Bishara's blast

Is there no limit to Israel's open-mindedness?

By
December 20, 2005 23:42
3 minute read.
Bishara's blast

azmi bishara. (photo credit: Ariel Jerozolimski [file])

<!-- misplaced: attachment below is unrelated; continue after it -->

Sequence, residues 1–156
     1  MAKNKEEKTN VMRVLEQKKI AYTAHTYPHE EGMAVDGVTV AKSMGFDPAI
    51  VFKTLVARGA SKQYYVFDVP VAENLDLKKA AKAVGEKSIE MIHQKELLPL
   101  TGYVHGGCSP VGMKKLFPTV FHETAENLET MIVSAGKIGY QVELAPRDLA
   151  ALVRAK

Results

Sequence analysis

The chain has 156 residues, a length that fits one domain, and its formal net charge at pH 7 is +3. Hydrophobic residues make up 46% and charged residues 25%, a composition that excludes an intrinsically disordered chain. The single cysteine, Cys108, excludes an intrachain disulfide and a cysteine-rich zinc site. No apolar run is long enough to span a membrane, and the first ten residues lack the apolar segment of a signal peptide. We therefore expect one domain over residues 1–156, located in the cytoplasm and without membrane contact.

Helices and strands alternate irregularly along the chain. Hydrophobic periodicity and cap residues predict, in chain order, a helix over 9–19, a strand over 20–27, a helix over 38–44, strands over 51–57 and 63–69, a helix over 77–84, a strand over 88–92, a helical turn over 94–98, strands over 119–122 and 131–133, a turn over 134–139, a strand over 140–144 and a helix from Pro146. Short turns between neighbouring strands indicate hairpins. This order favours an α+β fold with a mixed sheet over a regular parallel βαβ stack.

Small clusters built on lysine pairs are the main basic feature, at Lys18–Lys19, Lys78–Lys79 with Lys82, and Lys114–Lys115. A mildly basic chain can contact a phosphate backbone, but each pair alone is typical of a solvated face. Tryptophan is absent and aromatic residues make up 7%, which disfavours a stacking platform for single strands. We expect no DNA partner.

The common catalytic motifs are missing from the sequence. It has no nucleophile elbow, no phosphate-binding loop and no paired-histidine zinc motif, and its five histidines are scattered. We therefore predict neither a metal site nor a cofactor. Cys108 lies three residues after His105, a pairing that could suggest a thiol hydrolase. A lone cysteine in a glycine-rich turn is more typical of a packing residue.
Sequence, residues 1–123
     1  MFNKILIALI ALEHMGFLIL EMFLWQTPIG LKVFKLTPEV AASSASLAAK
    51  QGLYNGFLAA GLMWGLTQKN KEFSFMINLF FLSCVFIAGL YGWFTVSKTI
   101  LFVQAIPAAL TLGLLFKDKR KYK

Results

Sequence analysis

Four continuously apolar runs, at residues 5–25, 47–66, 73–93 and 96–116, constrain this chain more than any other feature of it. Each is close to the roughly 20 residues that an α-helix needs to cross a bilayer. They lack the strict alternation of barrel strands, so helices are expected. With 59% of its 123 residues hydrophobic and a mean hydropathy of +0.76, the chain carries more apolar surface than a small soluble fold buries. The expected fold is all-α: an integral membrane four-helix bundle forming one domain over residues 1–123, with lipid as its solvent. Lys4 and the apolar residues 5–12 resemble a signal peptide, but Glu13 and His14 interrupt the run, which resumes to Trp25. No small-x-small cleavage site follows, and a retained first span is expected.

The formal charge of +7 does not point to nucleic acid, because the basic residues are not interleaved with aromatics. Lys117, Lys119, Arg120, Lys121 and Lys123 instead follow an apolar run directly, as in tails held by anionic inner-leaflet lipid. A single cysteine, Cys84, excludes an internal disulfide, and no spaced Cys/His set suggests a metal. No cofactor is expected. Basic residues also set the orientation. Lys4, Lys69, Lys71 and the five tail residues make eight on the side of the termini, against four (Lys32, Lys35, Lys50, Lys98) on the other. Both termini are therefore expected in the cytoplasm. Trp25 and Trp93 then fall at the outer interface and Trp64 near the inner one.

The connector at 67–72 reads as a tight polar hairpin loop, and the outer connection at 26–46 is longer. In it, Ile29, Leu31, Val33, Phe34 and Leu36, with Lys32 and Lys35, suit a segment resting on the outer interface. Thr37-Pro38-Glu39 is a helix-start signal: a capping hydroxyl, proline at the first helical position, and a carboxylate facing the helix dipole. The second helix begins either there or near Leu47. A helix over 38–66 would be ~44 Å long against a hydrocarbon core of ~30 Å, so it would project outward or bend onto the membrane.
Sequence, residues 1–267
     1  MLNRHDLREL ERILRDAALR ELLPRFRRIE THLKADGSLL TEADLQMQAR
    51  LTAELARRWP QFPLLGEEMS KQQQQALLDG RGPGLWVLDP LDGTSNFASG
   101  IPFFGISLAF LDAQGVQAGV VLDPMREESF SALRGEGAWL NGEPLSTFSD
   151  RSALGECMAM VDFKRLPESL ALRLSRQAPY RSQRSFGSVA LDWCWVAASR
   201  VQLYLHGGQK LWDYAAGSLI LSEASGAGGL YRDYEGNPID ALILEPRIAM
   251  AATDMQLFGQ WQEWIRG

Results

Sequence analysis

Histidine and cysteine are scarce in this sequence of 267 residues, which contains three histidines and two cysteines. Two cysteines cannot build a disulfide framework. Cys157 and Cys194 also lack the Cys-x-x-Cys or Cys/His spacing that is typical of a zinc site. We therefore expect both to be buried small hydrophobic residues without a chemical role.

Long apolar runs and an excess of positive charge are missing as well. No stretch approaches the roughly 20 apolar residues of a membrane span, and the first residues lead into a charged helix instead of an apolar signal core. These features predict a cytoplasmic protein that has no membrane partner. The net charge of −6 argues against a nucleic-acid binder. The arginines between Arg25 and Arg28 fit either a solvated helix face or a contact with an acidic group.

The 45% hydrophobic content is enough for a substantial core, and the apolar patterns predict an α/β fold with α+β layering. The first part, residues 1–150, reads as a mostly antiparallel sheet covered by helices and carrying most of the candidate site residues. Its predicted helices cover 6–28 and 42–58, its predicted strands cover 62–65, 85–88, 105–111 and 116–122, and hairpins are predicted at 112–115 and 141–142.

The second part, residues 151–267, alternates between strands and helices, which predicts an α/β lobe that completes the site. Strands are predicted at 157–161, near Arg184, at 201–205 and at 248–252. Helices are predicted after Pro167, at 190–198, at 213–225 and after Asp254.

MK Azmi Bishara of Balad last week advised the Arab world to keep the embers of the Arab-Israeli conflict ever smoldering. He told Israelis he doesn't want their democracy, called Israel the product of modern history's "greatest daylight robbery" and insisted its citizenship is unwanted by this country's Arabs and was forced on them. Last week he again traveled to an enemy state without permission - this time to Lebanon, his second visit there this year. In a two-hour tirade at a book fair he gave Israel a no-holds-barred thrashing. Here are a few excerpts from Lebanese news agencies and Al-Safir newspaper: • "Israel's is the 20th Century's greatest robbery, perpetrated in broad daylight." • "I will never recognize Zionism, even if all Arabs do… I will never concede Palestine. The battle will long continue." • (Addressing Israelis directly:) "We Arabs aren't interested in your democracy. Give us Palestine and take your democracy with you." • "The conflict between Israel and the Palestinians isn't demographic but national. It's not the problem of 1.2 million Arabs living in Israel. They are like all other Arabs, only with Israeli citizenship forced upon them." • "This conflict is possibly endless…We must keep its embers burning…Why do some Arab leaders declare readiness to recognize Israel as a state? This is capitulation…Some Arabs may want to surrender, but they cannot force us to surrender with them. We shall go on fighting." • "We are Palestine's original inhabitants, not Jews who came from Russia and Poland." In his defense, Bishara noted, upon his return to Israel, "I didn't say anything new that I hadn't said in other places. I've spoken like that in the Knesset." That's precisely the problem. What first fails to elicit a proper response will encourage further and greater impudence and disloyalty later. Israel's tolerance is repeatedly abused and with increasing insolence. Bishara has long based his political appeal on thumbing his nose at the very state in whose legislature he serves and to which he pro forma owes allegiance. Indeed Bishara appears to be constantly testing the limits of how far he can go in rejecting Israel's right to exist and encouraging its destruction without paying any price. Thus far he managed to continue with impunity to taunt the country he ostensibly swore to serve and whose taxpayers pay his salary. The legal system only feebly and partially tackled Bishara's effrontery. In 2001, the Knesset House Committee lifted his immunity allowing for two indictments against him. In 2000, Bishara eulogized Hafez Assad at the Syrian president's Damascus funeral alongside Hizbullah chief Hassan Nassrallah. After profuse praises for Hizbullah, Bishara egged on "the struggle against Israel." He was also indicted for organizing illegal trips to Syria for Israeli Arabs. So far Bishara beat all raps, claiming the right to freedom of expression. In 2003, the High Court overturned a Central Election Committee decision to disqualify Balad from running for the 16th Knesset on the grounds that it supported the terrorist onslaught against Israel. Perhaps it's time - in view of Bishara's latest tongue-lashing against the state which, directly or not, finances his illegal junkets to enemy territory - for this country's legislative and judicial branches to assert our democracy's right to defend itself. Democracies have the notion of "protected speech." Implicit, however, in this notion is that not all speech is protected. Is it not at least worth examining whether Bishara, even if he is allowed to retain citizenship that he openly disdains, continues to serve in a body representing the state he so thoroughly rejects and desires to destroy? Is there no limit to the abuse we as a nation will tolerate in the name of open-mindedness? Perhaps this time, should his party credentials be again rejected, our highest court will see fit to uphold that decision. Bishara the individual, of course, is not the only issue here. By not laying down the law, Israel signals its entire Arab sector that it demands not even a minimum of loyalty, that anything goes. A state which won't defend itself should not be surprised that Bishara's radicalized disciples heed his seditious exhortations.


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